The Prevalence of Nosocomial Infection in Intensive Care Units in Europe:  Results of the European Prevalence of Infection in Intensive Care (EPIC) Study

Jean-Louis Vincent, MD, PhD; David J. Bihari, MB, FRCP; Peter M. Suter, MD; Hajo A. Bruining, MD, PhD; Jane White, MRCPsych; Marie-Helene Nicolas-Chanoin, MD, PhD; Michel Wolff, MD; Robert C. Spencer, MB, MSc, FRCPath; Margaret Hemmer, MD
JAMA. 1995;274(8):639-644. doi:10.1001/jama.1995.03530080055041.
Text Size: A A A
Published online

Objective.  —To determine the prevalence of intensive care unit (ICU)—acquired infections and the risk factors for these infections, identify the predominant infecting organisms, and evaluate the relationship between ICU-acquired infection and mortality.

Design.  —A 1-day point-prevalence study.

Setting.  —Intensive care units in 17 countries in Western Europe, excluding coronary care units and pediatric and special care infant units.

Patients.  —All patients (>10 years of age) occupying an ICU bed over a 24-hour period. A total of 1417 ICUs provided 10 038 patient case reports.

Main Outcome Measures.  —Rates of ICU-acquired infection, prescription of antimicrobials, resistance patterns of microbiological isolates, and potential risk factors for ICU-acquired infection and death.

Results.  —A total of 4501 patients (44.8%) were infected, and 2064 (20.6%) had ICU-acquired infection. Pneumonia (46.9%), lower respiratory tract infection (17.8%), urinary tract infection (17.6%), and bloodstream infection (12%) were the most frequent types of ICU infection reported. Most frequently reported microorganisms were Enterobacteriaceae (34.4%), Staphylococcus aureus (30.1%; [60% resistant to methicillin]), Pseudomonas aeruginosa (28.7%), coagulase-negative staphylococci (19.1%), and fungi (17.1%). Seven risk factors for ICU-acquired infection were identified: increasing length of ICU stay (>48 hours), mechanical ventilation, diagnosis of trauma, central venous, pulmonary artery, and urinary catheterization, and stress ulcer prophylaxis. ICU-acquired pneumonia (odds ratio [OR], 1.91; 95% confidence interval [CI], 1.6 to 2.29), clinical sepsis (OR, 3.50; 95% CI, 1.71 to 7.18), and bloodstream infection (OR, 1.73; 95% CI, 1.25 to 2.41) increased the risk of ICU death.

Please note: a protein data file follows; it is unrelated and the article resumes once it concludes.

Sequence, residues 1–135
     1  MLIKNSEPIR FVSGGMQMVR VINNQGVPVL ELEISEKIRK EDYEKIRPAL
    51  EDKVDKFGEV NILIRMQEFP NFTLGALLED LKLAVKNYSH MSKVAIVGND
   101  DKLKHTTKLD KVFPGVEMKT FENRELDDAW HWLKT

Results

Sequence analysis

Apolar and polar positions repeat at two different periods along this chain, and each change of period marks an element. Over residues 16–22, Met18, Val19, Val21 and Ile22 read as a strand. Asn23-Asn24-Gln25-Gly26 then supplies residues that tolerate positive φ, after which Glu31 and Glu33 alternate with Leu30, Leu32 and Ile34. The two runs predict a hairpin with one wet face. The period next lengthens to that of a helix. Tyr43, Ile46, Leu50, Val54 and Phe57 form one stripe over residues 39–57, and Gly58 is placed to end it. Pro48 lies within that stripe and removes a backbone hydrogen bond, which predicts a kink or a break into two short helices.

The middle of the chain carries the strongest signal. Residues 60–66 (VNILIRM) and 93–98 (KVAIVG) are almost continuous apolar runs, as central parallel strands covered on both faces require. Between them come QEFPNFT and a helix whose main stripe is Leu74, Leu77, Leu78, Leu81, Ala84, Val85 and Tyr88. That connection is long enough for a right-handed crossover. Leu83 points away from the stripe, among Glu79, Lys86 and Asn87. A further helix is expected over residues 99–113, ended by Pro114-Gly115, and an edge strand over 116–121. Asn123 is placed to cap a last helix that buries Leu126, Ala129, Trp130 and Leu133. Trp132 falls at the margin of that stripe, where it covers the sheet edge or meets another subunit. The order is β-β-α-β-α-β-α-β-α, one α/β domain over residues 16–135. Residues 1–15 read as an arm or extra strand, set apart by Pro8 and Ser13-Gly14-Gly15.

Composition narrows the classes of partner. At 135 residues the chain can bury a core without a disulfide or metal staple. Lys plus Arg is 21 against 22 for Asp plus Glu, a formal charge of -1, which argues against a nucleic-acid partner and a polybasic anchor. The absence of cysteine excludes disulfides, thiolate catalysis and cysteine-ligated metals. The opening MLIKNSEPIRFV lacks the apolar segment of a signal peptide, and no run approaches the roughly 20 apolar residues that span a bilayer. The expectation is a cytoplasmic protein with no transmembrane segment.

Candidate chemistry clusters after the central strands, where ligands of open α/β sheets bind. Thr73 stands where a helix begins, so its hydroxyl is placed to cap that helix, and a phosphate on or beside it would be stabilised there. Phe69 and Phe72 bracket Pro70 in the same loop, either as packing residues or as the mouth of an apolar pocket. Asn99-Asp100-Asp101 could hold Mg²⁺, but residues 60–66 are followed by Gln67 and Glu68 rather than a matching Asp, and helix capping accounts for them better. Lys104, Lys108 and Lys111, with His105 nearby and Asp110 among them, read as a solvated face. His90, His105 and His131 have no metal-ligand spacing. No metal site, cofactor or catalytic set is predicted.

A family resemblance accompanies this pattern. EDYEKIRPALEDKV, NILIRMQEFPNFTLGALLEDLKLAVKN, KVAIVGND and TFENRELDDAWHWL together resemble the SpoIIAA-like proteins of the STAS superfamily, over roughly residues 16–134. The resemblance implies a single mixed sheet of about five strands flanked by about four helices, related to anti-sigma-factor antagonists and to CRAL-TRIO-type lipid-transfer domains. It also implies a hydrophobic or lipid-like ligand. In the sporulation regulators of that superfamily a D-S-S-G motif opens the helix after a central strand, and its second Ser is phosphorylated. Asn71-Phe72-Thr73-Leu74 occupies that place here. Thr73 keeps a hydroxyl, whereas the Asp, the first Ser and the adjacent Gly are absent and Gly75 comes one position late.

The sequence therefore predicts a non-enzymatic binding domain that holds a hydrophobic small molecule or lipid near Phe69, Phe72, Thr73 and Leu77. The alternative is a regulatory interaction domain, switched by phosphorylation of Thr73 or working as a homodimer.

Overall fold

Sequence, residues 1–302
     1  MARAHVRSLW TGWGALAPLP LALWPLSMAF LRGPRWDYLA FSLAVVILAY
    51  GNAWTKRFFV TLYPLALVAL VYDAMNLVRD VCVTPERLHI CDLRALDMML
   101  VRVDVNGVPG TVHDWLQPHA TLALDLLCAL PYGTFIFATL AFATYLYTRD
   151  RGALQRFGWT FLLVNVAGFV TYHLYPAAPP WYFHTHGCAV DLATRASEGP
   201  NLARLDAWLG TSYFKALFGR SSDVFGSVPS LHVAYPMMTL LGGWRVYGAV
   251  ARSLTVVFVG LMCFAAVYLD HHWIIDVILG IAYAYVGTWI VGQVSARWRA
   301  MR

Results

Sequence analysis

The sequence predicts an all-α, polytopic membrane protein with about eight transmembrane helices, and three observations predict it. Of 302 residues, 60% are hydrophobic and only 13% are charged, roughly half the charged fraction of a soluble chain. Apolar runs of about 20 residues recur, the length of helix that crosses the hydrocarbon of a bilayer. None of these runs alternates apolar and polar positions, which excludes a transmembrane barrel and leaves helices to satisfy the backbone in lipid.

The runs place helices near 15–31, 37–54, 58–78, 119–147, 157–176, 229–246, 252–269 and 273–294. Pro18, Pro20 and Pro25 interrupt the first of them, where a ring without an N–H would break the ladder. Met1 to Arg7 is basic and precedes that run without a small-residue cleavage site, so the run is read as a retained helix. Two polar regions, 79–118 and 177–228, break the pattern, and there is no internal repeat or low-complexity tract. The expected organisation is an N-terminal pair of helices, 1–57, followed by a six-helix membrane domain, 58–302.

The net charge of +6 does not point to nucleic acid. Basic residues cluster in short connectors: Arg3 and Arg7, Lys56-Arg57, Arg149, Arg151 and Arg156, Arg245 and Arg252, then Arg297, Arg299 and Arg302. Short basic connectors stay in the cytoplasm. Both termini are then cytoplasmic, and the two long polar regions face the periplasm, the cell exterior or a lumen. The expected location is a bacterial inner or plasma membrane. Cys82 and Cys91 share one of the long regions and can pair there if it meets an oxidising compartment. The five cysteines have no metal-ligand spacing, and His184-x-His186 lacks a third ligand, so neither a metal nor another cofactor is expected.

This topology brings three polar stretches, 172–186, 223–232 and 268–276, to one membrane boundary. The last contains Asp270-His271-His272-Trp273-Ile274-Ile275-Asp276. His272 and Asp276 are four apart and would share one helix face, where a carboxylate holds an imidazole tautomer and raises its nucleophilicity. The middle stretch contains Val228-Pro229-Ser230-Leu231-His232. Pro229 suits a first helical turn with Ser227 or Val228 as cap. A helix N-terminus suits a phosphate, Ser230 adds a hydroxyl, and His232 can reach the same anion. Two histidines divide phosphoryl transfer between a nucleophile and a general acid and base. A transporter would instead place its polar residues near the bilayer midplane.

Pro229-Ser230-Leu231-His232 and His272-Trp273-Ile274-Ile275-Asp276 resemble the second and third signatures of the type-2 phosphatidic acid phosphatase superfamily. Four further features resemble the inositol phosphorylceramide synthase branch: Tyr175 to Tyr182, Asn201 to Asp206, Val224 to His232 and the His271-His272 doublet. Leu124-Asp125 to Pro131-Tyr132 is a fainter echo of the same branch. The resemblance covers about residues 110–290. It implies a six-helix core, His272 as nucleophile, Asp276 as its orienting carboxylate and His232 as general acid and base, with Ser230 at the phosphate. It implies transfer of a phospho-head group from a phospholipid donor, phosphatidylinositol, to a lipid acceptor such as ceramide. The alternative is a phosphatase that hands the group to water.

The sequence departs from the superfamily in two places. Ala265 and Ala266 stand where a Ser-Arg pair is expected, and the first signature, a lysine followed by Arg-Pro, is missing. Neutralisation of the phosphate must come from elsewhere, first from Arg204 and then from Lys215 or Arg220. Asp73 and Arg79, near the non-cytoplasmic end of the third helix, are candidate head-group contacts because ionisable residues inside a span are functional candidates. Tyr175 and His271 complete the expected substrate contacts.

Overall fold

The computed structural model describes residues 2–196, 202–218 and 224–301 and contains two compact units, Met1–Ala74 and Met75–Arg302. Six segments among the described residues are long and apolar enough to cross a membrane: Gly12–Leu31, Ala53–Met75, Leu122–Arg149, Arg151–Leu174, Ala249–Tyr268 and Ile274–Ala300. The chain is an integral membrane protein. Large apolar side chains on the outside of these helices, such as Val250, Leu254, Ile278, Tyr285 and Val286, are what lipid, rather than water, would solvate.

Conclusions.  —ICU-acquired infection is common and often associated with microbiological isolates of resistant organisms. The potential effects on outcome emphasize the importance of specific measures for infection control in critically ill patients.(JAMA. 1995;274:639-644)


Sign In to Access Full Content

Don't have Access?

Register and get free email Table of Contents alerts, saved searches, PowerPoint downloads, CME quizzes, and more

Subscribe for full-text access to content from 1998 forward and a host of useful features

Activate your current subscription (AMA members and current subscribers)

Purchase Online Access to this article for 24 hours




Meets CME requirements for:
Browse CME for all U.S. States
Accreditation Information
The American Medical Association is accredited by the Accreditation Council for Continuing Medical Education to provide continuing medical education for physicians. The AMA designates this journal-based CME activity for a maximum of 1 AMA PRA Category 1 CreditTM per course. Physicians should claim only the credit commensurate with the extent of their participation in the activity. Physicians who complete the CME course and score at least 80% correct on the quiz are eligible for AMA PRA Category 1 CreditTM.
Note: You must get at least of the answers correct to pass this quiz.
You have not filled in all the answers to complete this quiz
The following questions were not answered:
Sorry, you have unsuccessfully completed this CME quiz with a score of
The following questions were not answered correctly:
Commitment to Change (optional):
Indicate what change(s) you will implement in your practice, if any, based on this CME course.
Your quiz results:
The filled radio buttons indicate your responses. The preferred responses are highlighted
For CME Course: A Proposed Model for Initial Assessment and Management of Acute Heart Failure Syndromes
Indicate what changes(s) you will implement in your practice, if any, based on this CME course.
Citing articles are presented as examples only. In non-demo SCM6 implementation, integration with CrossRef’s "Cited By" API will populate this tab (http://www.crossref.org/citedby.html).


Some tools below are only available to our subscribers or users with an online account.

Sign In to Access Full Content

Related Content

Customize your page view by dragging & repositioning the boxes below.